If you intend on serving it as a whole slab, the long rib cut does in some way look more impressive by virtue of its sheer magnitude.

However, when it comes to the taste test, I still preferred the babyback ribs. The flavor was just as good but long ribs lacked that nice layer of fat and the bone to meat ratio wasn't as good as the babyback ribs. I'm definitely not complaining, I really enjoyed this but still felt that babyback ribs were more suited for this recipe. On the other hand, I reckon this cut will be good for making spicy pork rib soup.


Monday, November 27, 2006

Stuff from Hokkaido

I love Hokkaido, it has got to be my favorite prefecture in Japan. Another trip back there is way overdue. The next best thing to visiting Hokkaido is receiving gifts from friends who had just returned from a trip there.

The vacuum-packed maize was ridiculously but yet naturally sweet (no added sugar) however my eyes were pretty much on the savory scallop candy.

I love these scallops. I remembered when I was a kid I could almost finish a whole pack in one sitting. These are quite salty and go great with beer (the "beer" bit came a bit later after the "kid" bit).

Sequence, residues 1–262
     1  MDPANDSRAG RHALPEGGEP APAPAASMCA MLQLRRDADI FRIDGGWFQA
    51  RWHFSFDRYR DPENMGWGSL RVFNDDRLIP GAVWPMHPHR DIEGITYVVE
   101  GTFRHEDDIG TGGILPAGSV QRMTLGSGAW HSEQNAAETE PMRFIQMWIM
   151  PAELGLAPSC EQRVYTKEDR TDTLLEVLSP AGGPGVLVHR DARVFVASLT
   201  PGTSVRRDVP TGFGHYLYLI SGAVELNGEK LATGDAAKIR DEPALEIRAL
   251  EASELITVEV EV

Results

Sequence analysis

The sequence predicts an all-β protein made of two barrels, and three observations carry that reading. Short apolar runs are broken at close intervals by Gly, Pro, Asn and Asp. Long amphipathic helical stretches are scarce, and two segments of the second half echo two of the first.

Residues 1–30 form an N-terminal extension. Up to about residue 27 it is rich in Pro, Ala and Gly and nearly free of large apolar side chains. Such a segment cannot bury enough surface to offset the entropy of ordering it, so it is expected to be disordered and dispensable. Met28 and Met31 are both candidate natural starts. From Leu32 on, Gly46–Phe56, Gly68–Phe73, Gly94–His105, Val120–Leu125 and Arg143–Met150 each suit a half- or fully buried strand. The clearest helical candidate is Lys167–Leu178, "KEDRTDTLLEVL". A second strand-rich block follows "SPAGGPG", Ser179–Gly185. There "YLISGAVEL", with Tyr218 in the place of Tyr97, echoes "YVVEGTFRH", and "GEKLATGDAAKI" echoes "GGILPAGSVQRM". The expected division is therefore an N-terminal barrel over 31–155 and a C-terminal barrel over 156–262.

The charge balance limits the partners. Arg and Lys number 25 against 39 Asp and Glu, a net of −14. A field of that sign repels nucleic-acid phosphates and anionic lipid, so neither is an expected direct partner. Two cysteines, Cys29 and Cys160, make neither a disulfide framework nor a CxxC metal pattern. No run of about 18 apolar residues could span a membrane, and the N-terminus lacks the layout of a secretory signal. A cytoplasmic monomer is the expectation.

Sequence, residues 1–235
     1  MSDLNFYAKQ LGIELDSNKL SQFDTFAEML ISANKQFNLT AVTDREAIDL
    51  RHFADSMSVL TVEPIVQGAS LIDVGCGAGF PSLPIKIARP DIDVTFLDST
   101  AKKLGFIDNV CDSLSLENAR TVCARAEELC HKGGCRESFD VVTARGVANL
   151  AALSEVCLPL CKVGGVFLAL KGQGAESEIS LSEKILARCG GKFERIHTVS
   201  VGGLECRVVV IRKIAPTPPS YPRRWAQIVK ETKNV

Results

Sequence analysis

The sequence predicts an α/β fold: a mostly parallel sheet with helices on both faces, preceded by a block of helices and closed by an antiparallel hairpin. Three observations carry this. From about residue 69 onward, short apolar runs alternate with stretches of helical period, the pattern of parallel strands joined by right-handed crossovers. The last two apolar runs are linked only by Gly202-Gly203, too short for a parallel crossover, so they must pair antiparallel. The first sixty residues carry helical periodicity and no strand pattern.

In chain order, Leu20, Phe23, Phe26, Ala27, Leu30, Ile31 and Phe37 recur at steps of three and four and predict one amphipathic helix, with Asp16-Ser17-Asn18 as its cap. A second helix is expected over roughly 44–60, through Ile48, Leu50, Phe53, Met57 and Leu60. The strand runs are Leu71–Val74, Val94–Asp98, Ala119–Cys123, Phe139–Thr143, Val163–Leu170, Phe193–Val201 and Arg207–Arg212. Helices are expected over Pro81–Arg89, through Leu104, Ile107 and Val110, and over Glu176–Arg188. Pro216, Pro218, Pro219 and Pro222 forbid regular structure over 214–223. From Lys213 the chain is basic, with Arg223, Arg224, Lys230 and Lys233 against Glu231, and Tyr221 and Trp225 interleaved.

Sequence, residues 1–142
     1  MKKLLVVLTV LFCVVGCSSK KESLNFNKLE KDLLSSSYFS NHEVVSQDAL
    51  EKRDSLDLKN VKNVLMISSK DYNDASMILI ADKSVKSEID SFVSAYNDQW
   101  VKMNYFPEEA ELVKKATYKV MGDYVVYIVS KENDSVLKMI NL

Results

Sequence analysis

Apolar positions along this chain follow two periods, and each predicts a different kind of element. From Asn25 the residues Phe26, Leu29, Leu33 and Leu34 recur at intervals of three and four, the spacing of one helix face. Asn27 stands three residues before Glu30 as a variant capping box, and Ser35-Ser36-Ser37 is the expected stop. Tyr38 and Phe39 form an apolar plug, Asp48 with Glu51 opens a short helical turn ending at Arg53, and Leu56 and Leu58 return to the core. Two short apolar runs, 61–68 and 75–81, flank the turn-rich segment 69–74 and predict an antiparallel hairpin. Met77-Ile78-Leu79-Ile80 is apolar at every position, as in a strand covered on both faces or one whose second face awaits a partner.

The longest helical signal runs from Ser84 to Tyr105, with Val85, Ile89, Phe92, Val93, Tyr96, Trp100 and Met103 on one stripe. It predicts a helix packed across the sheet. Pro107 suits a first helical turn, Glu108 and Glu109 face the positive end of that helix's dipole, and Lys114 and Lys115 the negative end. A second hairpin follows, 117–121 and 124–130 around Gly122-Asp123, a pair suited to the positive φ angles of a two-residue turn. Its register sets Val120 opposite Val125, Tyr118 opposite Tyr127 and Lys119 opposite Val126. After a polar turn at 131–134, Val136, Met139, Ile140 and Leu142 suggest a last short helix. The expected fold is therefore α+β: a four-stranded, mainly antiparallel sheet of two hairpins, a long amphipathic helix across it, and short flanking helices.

Packaging is almost another fine Japanese art by itself. The Japanese are indeed the kings of packaging and making things look pretty (although Korea and Taiwan are catching up pretty quick). I don't mind a pretty package as long as the contents taste good.

There's like this little story or something on the inside of the box. I can't read Japanese, so I had no idea what it meant. I made up my own story. It went something like this, "Hi, I'm a delicious cream biscuit. Please Eat me. Thank you."

Although it says "chocolat" on the box, there was definitely not sign of any cocoa-based chocolate in this. Was the filling supposed to be white chocolate? It tasted pretty much like a very light and fresh cream to me. Nevertheless, these crisp cream biscuits were pretty decent overall.